Marianismo in Counseling

Marianismo is a term first proposed in the literature in the 1970s as a way to describe a set of values and norms associated with being a woman in Latin American culture. It was initially conceptualized as a response to the term machismo, suggesting that marianismo occurs in the context of machismo. Marianismo generally refers to the cultural expectation that a woman be passive and submissive along with being sexually pure. These traits respond to those prescribed by machismo, which expects a man to be active, aggressive, and sexually experienced.

Marianismo traces its roots to the Spanish colonization of Latin America. One of the biggest legacies of the Spanish conquest was their religious beliefs. Roman Catholicism holds in high regard the figure of la Virgen Maria (Spanish for “the Virgin Mary”). Only the purest of women could be chosen by God to be the mother of His son. Mary lived the ultimate sacrifice in giving herself up to God’s will: a life of self-denial, purity (e.g., virginity), and devotion to motherhood that was duly rewarded with eternal salvation and the privilege of giving birth to Jesus.

Marianismo stems from these ideals. The term refers to the expectation that women live as the Virgin Mary did. Women are expected to be submissive to men and meet their every need in a passive and unassertive manner. They are loving, caring, and docile—completely devoted to their roles as wives, mothers, and life bearers. To accomplish this, women must renounce their own needs, acting in a spiritual and immaculate manner.

Marianismo prescribes a set of norms that encourages women to maintain and promote cultural values at their own expense or face public scrutiny as an alternative. Women are held in high regard by others if they have children and are caring mothers. Single mothers and divorcees are frowned upon, as they have acted in a self-serving and egotistical manner by disrespecting the sanctity of matrimony and placing their own needs before those of the family. These values are passed down from generation to generation. Caring mothers teach their young men to be wary of sensual, manipulative, and possessive girls who see sex for anything other than pro-creating. (These “bad” women are thought of as loose and deceitful or as whores.)

Marianismo will impact the way counselors work with and conceptualize clients. Help-seeking behavior is discouraged, and women may have a difficult time committing or engaging in therapy. They may present with concerns related to gender-role strain and may be more prone to accept problems as “part of being female.” Gender-inconsistent behaviors (e.g., substance abuse, aggressiveness) may increase a sense of worthlessness. Confrontation is often avoided. Sexuality and other intimate concerns may be brought up with much shame— if at all. Infidelity is tolerated only if it comes from men. Men may also view assertive women as “problematic” and may sabotage self-promotion efforts of women who “argue all the time.” Both men and women may initially see female therapists as caretakers, more capable than male therapists of solving problems in a fair and unselfish manner.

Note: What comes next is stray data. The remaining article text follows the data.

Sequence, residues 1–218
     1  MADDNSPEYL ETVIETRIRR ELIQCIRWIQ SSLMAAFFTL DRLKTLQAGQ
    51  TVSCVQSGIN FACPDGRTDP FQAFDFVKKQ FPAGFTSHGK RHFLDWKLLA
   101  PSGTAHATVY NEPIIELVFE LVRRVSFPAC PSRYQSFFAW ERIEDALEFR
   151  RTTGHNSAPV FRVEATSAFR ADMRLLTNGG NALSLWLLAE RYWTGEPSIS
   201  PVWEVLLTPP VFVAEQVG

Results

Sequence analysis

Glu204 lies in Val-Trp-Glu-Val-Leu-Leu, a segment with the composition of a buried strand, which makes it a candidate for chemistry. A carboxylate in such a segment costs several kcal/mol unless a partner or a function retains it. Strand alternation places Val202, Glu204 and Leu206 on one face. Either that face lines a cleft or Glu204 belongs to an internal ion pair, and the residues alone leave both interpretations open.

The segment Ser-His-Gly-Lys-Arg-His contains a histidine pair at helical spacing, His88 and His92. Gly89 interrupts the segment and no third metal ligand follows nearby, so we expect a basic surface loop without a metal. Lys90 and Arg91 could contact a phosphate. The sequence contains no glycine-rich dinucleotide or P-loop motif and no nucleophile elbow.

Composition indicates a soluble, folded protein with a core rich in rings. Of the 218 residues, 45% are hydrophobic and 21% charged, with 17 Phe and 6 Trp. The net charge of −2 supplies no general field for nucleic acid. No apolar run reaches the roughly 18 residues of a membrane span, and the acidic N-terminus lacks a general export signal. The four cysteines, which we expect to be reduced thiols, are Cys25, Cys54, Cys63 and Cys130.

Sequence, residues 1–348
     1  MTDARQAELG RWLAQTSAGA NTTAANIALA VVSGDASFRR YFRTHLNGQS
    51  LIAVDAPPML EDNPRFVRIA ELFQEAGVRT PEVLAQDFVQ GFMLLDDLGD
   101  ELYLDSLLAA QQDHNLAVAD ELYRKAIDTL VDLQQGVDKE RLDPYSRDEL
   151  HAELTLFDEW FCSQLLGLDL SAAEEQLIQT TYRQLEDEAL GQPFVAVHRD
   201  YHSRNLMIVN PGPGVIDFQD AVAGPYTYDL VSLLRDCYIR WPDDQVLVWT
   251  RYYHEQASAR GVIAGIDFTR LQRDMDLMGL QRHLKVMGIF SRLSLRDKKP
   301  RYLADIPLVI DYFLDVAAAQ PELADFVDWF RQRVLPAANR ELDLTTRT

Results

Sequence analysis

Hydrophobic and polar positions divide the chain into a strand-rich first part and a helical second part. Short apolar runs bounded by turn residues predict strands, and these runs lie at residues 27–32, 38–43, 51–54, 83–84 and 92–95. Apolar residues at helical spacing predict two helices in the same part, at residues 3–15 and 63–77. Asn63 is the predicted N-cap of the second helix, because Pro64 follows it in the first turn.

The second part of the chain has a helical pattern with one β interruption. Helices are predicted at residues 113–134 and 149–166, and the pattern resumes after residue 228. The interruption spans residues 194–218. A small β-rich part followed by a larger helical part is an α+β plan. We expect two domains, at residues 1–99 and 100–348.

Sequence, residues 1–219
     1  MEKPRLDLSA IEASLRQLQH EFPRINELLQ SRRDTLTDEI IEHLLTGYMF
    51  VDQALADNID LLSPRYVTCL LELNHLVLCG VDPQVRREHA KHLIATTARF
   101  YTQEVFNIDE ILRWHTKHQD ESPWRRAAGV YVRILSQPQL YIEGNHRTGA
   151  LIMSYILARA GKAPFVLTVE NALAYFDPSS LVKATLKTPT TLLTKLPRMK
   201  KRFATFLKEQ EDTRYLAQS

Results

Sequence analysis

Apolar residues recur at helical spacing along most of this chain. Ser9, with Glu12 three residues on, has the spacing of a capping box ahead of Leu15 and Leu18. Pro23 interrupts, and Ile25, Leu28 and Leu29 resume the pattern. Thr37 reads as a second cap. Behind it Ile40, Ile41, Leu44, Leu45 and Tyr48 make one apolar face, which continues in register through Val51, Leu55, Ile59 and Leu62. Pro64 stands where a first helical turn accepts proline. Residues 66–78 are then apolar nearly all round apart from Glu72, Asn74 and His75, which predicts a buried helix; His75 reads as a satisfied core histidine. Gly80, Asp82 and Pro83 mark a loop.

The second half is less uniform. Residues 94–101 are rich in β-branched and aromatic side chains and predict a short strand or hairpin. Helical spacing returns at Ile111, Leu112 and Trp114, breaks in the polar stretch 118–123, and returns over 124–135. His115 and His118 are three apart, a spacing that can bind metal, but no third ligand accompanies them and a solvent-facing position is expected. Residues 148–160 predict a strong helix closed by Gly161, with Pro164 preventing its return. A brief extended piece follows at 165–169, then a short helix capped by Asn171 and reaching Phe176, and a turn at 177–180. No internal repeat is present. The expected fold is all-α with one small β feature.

Culturally competent counselors who want to appropriately work with marianismo in therapy will need to increase their level of comfort with, and knowledge of, traditional gender norms. They may need to determine the level of acculturation of their clients to assess how engrained these cultural values are. Interpersonal conflict may surface between men who ascribe to traditional machismo cultural values and women who denounce marianismo (and vice versa). Exploring family relationships will also help counselors to understand the extent to which marian-ismo values are present. Women may choose male partners haphazardly and may stay in potentially abusive relationships longer for the sake of their children. Marianismo has also been associated with poorer physical and mental health in women.

As the definitions of marianismo have developed, so have the terms associated with it. One such term is hembrismo. Hembrismo seizes on the more positive traits of marianismo to redefine the role of women in Latin American culture. Aligned with the power that the Virgin Mary demonstrated in helping shape Catholicism by giving birth to Jesus, hembrismo conceptualizes women as strong, proactive players who shape lives—their own as well as those of others. They are morally and spiritually superior to men. They also carry the strength to help keep families together, transmitting norms and cultural values in their roles as single parents, mothers, breadwinners, and heads of households. Hembrismo is therefore not quite the counterpart or response to machismo that marianismo is but rather an additional and more affirming way to conceptualize Latinas.

References:

  1. Gil, R. M., & Vazquez, C. I. (1996). The Maria paradox: How Latinas can merge old world traditions with new world self-esteem. New York: Putnam.
  2. Stevens, E. P. (1973). Marianismo: The other face of machismo in Latin America. In A. Pescatello (Ed.), Female and male in Latin America (pp. 90-101). Pittsburgh, PA: University of Pittsburgh Press.

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